Government changes E&W probate procedure without consultation

Emily Deane TEPThe government has announced amendments to the procedure for applying for probate in England and Wales, with less than a month’s notice. The Statutory Instrument (The Non-Contentious Probate (Amendment) Rules 2018) will come into force on 27 November 2018.

The Rules were laid as a negative instrument, meaning they don’t need the approval of Parliament and have already been signed into law by the relevant Minister. The instrument can be annulled by Parliament before implementation, but this is rare.

In brief the amended rules:

  1. allow personal online applications for probate to be made by an unrepresented applicant;
  1. enable all applications for probate to be verified by a statement of truth (instead of an oath) and without the will having to be marked (by the applicant, solicitor or probate practitioner);
  1. extend time limits in the caveat process, which give the person registering the caveat notice of any application for probate;
  1. allow caveat applications and standing searches (which give notice of grants being issued) to be made electronically;
  1. extend the powers of district probate registrars equivalent to those of district judges; and
  1. make further provision for the issue of directions (instructions to the parties) in relation to hearings.

The Probate Service has accepted online applications from personal applicants (individuals not represented by probate specialists) since earlier this year, with a view to making the system simpler and ‘easier to understand’.

There are concerns that the introduction of the online service may discourage individuals from using a probate specialist where it may be advisable to do so, for example where the estate is taxable, has foreign or complex components, or may be disputed.

The announcement comes at the same time as the Ministry of Justice’s proposal to increase the probate application fee with a banded fee structure depending on the value of the estate.

STEP strongly opposed this new system when it was proposed in 2016, on the basis that it is disproportionate to the service provided by the probate court. It is effectively a new tax on bereaved families. The government intends to introduce this measure without any proper debate via Statutory Instrument (see STEP blog: The death tax returns).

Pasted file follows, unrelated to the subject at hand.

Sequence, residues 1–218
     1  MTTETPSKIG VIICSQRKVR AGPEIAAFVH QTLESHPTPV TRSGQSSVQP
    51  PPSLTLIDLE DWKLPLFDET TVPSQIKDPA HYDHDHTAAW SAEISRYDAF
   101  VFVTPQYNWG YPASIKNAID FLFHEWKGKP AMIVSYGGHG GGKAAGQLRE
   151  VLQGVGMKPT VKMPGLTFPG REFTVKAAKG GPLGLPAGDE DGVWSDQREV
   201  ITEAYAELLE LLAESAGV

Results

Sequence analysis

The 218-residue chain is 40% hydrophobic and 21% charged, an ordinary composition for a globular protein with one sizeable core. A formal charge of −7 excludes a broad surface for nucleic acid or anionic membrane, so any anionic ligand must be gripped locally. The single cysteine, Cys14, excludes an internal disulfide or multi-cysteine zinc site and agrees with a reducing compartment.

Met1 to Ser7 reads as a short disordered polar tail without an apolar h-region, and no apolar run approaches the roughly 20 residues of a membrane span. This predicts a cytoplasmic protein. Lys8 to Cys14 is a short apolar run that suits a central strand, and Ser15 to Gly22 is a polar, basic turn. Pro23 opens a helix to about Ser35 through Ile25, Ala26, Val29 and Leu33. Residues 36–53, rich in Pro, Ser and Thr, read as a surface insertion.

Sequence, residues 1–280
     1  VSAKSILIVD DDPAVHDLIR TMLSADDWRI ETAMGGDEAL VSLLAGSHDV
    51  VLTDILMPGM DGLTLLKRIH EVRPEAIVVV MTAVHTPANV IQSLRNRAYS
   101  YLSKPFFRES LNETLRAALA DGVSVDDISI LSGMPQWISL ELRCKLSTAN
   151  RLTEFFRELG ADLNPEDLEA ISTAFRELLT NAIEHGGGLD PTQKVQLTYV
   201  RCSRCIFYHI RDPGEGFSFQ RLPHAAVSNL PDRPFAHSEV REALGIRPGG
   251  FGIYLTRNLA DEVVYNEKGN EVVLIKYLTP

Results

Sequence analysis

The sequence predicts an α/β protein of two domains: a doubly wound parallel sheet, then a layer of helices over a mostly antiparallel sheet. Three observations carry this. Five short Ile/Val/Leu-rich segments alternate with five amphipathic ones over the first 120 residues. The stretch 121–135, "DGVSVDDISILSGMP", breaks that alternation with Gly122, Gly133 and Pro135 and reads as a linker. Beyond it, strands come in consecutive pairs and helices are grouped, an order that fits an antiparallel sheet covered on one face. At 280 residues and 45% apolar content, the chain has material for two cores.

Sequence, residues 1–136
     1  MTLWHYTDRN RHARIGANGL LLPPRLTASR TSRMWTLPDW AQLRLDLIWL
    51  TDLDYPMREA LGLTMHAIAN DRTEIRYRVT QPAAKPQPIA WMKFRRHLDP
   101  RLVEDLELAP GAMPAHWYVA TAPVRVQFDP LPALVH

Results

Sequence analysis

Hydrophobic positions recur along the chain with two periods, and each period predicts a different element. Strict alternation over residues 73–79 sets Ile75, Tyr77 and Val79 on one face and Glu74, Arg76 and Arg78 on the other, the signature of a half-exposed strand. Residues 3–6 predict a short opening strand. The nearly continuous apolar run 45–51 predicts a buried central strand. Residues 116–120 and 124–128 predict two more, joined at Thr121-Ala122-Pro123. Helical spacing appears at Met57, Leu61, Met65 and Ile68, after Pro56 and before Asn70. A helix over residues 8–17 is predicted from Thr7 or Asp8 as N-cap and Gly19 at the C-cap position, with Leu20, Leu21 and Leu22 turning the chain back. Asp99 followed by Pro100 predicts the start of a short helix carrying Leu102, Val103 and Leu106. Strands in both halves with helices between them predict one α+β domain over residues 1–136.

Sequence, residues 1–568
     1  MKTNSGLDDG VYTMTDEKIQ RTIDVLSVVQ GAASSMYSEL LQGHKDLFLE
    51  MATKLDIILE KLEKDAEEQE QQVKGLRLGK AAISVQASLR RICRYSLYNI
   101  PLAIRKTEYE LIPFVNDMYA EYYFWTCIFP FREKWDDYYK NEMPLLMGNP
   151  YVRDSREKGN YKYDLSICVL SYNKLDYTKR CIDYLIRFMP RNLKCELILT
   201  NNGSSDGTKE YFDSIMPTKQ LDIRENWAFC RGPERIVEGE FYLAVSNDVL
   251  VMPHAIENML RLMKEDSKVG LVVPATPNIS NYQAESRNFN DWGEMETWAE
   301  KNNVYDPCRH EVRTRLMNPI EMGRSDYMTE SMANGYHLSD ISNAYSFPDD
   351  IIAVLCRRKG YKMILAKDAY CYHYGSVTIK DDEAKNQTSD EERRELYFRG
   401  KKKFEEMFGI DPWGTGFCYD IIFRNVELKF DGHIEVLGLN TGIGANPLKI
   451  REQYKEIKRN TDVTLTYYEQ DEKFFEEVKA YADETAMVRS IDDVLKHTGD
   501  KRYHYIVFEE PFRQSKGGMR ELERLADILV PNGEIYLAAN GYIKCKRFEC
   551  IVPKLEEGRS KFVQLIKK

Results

STEP will continue to follow developments in this area.

 

Emily Deane TEP is STEP Technical Counsel

The death tax returns

George HodgsonThe UK government has re-introduced proposals to fund the courts service via charging higher probate fees. The proposals emerged late yesterday, a week after the budget.

While the headline charges are less extortionate than were proposed last year, for an estate of GBP300,001 – GBP500,000 the fee will rise 249 per cent to GBP750, and for a GBP1 million estate, the fee will rise to GBP4,000, an increase of 1,760 per cent (see table below).

According to 2014/15 figures, 261,500 estates went to probate, of which only 35,000 were under GBP50,000. This indicates that 85 per cent of estates, where probate applies, will therefore see an increase in fees.

Value of Estate New Fee % Change (from £215)
Up to £5,000 £0   0%
£5,000 – £50,000 £0 -100%
£50,001 – £300,000 £250 +16%
£300,001 – £500,000 £750 +249%
£500,001 – £1m £2,500 +1,063%
£1m – £1.6m £4,000 +1,760%
£1.6m – £2m £5,000 +2,226%
Over £2m £6,000 +2,691%

The new charges bear no relation to the cost of probate, and are simply another form of taxation, sneaked in through the back door.

The government has failed to explain why it is choosing to place this burden on bereaved families, many of whom will have spent months or years paying expensive care fees for their elderly relatives. It is this group which has been singled out to shoulder the cost of the courts service via this additional tax, to be paid on top of IHT and legal expenses.

The government still plans to try and introduce this measure without any proper debate via statutory instrument. STEP has obtained a legal opinion which confirms that, given the tax nature of this measure, this is an abuse of the parliamentary process, a view shared by the House of Commons Joint Committee on Statutory Instruments (link below).

We will continue to press for a fairer and more transparent approach to probate fees reform.

 

George Hodgson is Chief Executive of STEP.